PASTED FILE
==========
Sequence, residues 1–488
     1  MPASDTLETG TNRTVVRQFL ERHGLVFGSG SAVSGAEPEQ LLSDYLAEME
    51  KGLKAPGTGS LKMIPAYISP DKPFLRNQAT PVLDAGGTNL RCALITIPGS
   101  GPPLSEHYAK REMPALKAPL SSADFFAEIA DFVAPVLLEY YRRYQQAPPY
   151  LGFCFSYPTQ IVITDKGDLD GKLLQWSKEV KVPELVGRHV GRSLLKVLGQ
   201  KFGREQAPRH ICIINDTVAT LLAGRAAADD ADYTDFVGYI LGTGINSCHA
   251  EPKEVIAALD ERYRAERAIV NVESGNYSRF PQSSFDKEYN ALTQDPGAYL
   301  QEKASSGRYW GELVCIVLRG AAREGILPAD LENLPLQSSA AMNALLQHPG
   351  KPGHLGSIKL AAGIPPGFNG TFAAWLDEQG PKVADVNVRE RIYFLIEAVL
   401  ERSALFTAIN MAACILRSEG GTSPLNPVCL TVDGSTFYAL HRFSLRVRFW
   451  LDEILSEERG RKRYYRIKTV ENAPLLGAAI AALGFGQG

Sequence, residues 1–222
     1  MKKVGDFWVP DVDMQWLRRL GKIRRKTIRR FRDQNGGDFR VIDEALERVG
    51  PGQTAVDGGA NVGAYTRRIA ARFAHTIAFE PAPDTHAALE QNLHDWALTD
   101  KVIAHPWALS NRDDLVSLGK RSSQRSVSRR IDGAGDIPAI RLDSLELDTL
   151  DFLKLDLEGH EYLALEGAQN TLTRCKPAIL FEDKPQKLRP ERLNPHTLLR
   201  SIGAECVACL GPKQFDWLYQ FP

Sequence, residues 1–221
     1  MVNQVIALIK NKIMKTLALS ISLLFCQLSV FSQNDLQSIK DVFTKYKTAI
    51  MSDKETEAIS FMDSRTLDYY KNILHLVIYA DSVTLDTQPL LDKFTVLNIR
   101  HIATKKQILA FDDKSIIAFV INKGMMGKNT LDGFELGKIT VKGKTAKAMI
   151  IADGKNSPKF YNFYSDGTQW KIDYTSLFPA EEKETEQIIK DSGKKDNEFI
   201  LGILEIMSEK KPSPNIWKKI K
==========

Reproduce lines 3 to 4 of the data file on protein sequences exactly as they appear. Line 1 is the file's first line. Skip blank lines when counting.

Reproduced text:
    51  KGLKAPGTGS LKMIPAYISP DKPFLRNQAT PVLDAGGTNL RCALITIPGS
   101  GPPLSEHYAK REMPALKAPL SSADFFAEIA DFVAPVLLEY YRRYQQAPPY